And the rest
Apple has been dismantling complicated things a lot lately. On the Mac, reminders have been pulled out of Calendar into their own app. Notes received similar treatment being pulled from Mail. Just recently on iOS we saw Podcasts get their own app signaling an expected removal from the Music app. This trend is likely to continue in other crowded apps. Is it possible that this is the year for iTunes dismemberment? Probably another longshot, but a guy can hope.
We always major on getting excited about hardware and operating system announcements, but sometimes other software announcements are just as interesting. We haven’t seen a lot of major changes to iWork or iLife lately on the Mac, and there are always some surprises that can come out of left field. Like Ping!
Speaking of Ping, it seems likely to get shut down at or before this fall. It is admittedly not the thriving network Apple had envisioned, and with Apple bringing new integration with Facebook, it’s hard to imagine Ping being with us much longer.
Even half over, it looks like 2012 still has “a lot to look forward to”. Just a few of these things would make for an incredible event this fall. If they both come through, the new iPhone and 7.85-inch iPad are likely to steal the show, but all the little things will still add up. After all, it’s how Apple handles all the little things that makes the company so great.
Today Tapbots announced a public alpha for their much anticipated Tweetbot for Mac. Check it out here.
They’ve been dropping pseudo-subtle hints in screenshots and posts for a number of weeks. As the alpha can’t be made available through the App Store, iCloud features such as their custom timeline syncing aren’t available. That said, as is, the app is already a worthy competitor to the official Twitter client for Mac (formerly Tweetie) which has grown quite stale.
Get it. Got it? Good.
Word has been spreading about a possible Amazon smartphone. To which my reaction is, ‘what?’
The Kindle Fire was a pretty obvious move. Amazon has great partnerships and content deals. Content seems to be a driving force in tablet sales, especially in smaller tablets, and they already had built a successful Kindle platform.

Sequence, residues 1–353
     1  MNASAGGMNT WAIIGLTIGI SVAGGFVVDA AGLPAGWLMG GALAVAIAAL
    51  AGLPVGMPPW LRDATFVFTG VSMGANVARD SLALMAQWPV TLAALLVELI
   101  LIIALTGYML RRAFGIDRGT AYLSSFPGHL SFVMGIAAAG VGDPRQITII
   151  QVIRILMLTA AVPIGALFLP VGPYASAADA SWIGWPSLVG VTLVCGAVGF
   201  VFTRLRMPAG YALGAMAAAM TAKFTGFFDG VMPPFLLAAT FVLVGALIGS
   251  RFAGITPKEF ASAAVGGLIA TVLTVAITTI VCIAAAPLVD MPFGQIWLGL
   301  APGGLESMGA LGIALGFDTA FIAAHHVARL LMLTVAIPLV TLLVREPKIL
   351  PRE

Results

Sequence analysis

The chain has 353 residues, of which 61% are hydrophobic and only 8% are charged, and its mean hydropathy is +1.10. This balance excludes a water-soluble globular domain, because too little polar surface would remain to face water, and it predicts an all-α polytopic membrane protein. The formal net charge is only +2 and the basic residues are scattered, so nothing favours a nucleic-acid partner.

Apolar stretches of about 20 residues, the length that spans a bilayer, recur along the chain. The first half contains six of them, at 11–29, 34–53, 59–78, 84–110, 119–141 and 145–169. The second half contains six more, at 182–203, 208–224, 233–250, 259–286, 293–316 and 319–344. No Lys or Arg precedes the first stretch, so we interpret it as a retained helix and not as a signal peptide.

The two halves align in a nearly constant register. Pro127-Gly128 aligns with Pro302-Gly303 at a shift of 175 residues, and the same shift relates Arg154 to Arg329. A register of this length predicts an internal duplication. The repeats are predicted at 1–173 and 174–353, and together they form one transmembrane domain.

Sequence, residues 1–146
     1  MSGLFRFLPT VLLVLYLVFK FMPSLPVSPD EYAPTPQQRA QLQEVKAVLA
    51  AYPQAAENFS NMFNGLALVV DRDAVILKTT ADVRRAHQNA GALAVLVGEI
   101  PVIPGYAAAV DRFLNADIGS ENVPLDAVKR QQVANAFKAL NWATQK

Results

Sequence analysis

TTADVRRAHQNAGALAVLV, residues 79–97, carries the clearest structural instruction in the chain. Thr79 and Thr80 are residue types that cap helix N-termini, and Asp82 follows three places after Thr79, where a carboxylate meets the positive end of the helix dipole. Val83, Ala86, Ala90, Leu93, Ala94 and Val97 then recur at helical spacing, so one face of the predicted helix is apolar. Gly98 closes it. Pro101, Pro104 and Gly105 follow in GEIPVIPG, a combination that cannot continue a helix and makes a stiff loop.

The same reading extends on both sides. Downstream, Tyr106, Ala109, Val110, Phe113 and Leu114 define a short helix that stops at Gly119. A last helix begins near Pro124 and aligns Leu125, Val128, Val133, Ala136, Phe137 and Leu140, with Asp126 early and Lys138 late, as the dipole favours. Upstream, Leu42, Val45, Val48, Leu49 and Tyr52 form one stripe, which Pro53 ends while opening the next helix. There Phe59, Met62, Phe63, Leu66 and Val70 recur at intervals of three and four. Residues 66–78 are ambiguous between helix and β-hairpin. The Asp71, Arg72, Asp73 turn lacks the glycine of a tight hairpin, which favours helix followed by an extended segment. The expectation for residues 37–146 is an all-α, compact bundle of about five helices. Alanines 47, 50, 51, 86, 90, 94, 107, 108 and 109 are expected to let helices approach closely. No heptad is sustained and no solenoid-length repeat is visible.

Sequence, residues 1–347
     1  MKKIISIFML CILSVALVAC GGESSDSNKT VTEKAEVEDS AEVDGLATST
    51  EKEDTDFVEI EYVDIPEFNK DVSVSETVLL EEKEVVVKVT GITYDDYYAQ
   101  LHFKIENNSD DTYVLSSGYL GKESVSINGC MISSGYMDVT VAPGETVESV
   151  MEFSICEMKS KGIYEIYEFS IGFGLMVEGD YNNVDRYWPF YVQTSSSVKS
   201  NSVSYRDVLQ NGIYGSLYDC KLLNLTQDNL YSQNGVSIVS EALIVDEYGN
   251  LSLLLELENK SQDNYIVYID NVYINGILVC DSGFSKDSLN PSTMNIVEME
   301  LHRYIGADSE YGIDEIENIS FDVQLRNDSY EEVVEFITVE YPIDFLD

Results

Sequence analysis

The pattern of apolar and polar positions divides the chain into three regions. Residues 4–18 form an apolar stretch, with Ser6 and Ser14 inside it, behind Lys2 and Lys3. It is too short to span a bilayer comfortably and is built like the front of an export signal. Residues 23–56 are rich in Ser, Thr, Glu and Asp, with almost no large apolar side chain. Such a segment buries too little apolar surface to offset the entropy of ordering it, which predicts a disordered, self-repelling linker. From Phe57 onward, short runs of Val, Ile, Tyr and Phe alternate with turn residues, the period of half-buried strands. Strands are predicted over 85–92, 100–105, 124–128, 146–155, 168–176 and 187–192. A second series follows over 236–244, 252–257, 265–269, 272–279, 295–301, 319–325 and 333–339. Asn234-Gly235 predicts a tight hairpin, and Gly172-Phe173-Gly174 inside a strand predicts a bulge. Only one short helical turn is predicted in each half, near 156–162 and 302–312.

Earlier this week in reference to the first iPhone announcement Louie Mantia said:
“A phone, an iPod, an internet communications device.”
We cheered at the first two, but we use our iPhones for the third part most.
With the Fire, Amazon believed they could grab a meaningful chunk of market share by leveraging the content that people want to access on tablets, but that content—the ‘iPod’ part of the iPhone—is a smaller piece of the puzzle on a phone than it is on a tablet. How many books, movies, and tv shows are you consuming on your phone?
The greatest strength behind iOS is the software—the ‘internet communications device’ part of the iPhone. Not only the incredible stuff Apple puts out year after year, but also boatloads of third party apps from developers excitedly working on today’s cutting edge platform. Software gives these new platforms their value, and Apple is way out in the lead.
Amazon has yet to prove it can play this game. By nearly all accounts, the Fire’s software is one of its weakest points. And Amazon hasn’t exactly been trumpeting the success of their own app store. It would be easy for them to release a smartphone to join the throng of Android handsets, but it’s going to go nowhere unless they have positive software differentiation from the other Android phones that are out there. From today’s vantage point, I can’t see that happening.
The iPod’s success fooled almost everyone (including me) into thinking that Apple’s entry into the phone market would be similar. The iPod was the world’s best portable media player; the “iPhone”, thus, would likely be the world’s best cell phone.
But that’s not what it was. It was the world’s best portable computer. Best not in the sense of being the most powerful, or the fastest, or the most-efficient to use. The thing couldn’t even do copy-and-paste. It was the best because it was always there, always on, always just a button-push away.
This is the preeminent insight shared by everyone who “gets” the computer industry and how it’s changing. It is exactly what we’ve been trying to articulate over the last five years.